Once again Rafizi stands to be convicted of this ‘crime’ and further jailed, although no effort is being made to prosecute those revealed to have connived at this theft from the old age pensions of service men, who risked their lives to serve their country.
Another opposition political figure facing malicious prosecution for standing up for the public interest is, of course, the DAP leader Guan Eng, persecuted on flimsy grounds for allegedly getting a good deal on his private house purchase.
Meanwhile, Malaysians have been forced to look on as the most gross and greedy crimes of all have rested at the door of their own Prime Minister, who is behind each and every one of these politically motivated prosecutions. Najib plainly has come to the decision that he will use every instrument at his disposal to go after all his political enemies and beat down the opposition so they can’t put forward their leading lights at the next election. Preferably he wants these leading lights and able spokesmen banged up behind bars, so that they can’t campaign at all. However he will have been disappointed that in Rafizi’s case the judge has allowed him to remain free pending an appeal.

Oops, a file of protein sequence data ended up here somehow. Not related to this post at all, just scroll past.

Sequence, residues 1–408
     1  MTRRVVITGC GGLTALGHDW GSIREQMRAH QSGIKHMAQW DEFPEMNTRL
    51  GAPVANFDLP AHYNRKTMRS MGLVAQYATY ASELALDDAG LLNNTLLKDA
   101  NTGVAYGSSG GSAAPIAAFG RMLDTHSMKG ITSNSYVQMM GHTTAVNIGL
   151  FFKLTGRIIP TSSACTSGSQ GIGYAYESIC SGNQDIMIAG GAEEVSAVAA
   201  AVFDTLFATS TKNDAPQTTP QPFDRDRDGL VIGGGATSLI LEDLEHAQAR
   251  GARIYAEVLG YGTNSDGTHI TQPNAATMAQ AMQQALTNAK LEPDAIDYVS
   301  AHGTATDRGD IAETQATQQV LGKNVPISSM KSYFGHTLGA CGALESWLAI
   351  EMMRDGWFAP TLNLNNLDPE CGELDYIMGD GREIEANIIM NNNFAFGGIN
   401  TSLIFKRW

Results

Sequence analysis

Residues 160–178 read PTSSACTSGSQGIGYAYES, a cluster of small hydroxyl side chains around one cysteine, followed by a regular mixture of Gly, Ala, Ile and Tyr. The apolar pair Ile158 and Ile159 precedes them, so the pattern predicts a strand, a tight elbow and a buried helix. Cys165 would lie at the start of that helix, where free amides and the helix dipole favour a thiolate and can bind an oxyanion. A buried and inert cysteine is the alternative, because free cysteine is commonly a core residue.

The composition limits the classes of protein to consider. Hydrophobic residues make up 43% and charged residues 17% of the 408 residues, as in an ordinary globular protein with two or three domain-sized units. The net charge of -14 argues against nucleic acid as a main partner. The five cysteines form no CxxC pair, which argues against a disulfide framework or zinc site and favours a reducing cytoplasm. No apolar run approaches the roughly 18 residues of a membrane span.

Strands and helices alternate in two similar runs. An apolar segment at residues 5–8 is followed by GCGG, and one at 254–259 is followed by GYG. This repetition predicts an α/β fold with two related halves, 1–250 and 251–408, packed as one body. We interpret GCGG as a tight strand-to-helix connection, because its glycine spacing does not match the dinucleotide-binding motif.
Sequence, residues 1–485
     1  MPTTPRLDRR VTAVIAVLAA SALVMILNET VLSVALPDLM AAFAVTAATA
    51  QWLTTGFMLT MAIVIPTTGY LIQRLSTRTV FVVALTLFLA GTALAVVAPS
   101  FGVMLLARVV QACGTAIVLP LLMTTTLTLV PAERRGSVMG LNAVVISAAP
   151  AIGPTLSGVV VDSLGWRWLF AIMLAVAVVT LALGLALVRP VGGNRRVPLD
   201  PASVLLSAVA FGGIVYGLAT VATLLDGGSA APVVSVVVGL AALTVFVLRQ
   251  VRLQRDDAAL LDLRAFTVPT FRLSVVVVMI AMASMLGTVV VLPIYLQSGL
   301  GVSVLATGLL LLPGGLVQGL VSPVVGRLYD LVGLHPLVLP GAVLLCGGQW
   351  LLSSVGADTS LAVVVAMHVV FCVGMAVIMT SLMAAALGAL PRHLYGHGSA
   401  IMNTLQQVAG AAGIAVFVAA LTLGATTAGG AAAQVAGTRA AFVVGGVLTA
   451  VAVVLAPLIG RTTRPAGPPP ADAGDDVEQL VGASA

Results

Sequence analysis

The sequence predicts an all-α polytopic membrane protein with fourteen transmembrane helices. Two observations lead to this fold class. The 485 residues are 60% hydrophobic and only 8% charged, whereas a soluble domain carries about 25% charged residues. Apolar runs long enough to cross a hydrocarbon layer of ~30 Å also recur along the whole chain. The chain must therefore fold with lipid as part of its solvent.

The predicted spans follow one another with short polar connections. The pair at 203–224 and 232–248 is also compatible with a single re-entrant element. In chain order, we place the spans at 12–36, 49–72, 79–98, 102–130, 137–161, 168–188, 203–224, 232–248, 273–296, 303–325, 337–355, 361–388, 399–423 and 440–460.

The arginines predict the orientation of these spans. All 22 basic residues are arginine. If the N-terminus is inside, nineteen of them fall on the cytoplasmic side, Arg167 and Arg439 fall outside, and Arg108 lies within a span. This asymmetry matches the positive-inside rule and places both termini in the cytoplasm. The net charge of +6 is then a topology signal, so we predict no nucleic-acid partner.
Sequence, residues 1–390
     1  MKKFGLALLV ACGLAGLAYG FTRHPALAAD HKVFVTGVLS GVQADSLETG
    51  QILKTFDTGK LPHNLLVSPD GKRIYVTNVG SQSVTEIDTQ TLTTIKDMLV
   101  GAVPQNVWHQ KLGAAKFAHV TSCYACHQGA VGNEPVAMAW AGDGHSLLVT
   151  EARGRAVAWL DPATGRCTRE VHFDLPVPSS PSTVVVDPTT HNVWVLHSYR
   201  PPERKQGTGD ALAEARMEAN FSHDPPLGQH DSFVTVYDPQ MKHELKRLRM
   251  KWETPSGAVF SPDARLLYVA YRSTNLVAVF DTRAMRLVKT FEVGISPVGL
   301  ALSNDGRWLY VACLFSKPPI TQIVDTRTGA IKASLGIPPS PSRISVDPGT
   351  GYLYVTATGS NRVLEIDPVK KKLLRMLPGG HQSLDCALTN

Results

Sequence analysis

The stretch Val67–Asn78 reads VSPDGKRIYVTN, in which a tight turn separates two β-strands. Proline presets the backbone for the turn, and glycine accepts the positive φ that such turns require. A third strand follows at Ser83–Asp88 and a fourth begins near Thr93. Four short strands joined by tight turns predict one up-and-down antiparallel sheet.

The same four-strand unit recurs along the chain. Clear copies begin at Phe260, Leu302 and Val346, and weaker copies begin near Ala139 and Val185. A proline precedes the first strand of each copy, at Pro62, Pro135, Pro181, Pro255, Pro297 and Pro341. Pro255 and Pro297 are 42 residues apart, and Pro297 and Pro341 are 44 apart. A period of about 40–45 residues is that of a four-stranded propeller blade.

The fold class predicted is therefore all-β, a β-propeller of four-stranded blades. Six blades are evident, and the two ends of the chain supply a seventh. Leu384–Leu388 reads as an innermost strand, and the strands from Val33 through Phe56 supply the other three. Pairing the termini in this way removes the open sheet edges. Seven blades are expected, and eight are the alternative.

Furthermore, by cracking down on ‘whistleblowers’, even if that means resorting to using legislation that no longer exists, Najib hopes to put off anyone else thinking of bringing out further scandals (and there are very many lurking) relating to his termally corrupted administration before polling day.
Other intimidation strategies include planned further censorship laws to encompass individual remarks on social media to silence “Fake News”. This is how Najib plans to win the ‘propaganda war’ – by locking up critics and barring opposition candidates from running.
He plainly thinks this, together with an armoury of cash and other strong arm tactics, will serve to subdue the Malaysian electorate into a resigned relection of himself and his band of BN brothers.
But, maybe Malaysians are made of sterner stuff and more moral fibre? What is clear is that only the people of Malaysia can now take the decision and make the move to intervene and rescue the brave warriors like Anwar, Rafizi, Tain Chua and others who have been willing to sacrifice their freedom to stand up for the public interest and what is right.
They will have to vote against Najib and set such people free once more.